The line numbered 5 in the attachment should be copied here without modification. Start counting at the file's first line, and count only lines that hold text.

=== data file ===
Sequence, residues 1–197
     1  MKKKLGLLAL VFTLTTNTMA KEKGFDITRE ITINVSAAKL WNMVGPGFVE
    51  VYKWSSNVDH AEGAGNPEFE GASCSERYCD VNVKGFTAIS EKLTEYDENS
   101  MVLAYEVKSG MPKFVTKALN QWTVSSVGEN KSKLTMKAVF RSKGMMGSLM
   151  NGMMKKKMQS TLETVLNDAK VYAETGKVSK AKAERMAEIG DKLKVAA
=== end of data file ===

   151  NGMMKKKMQS TLETVLNDAK VYAETGKVSK AKAERMAEIG DKLKVAA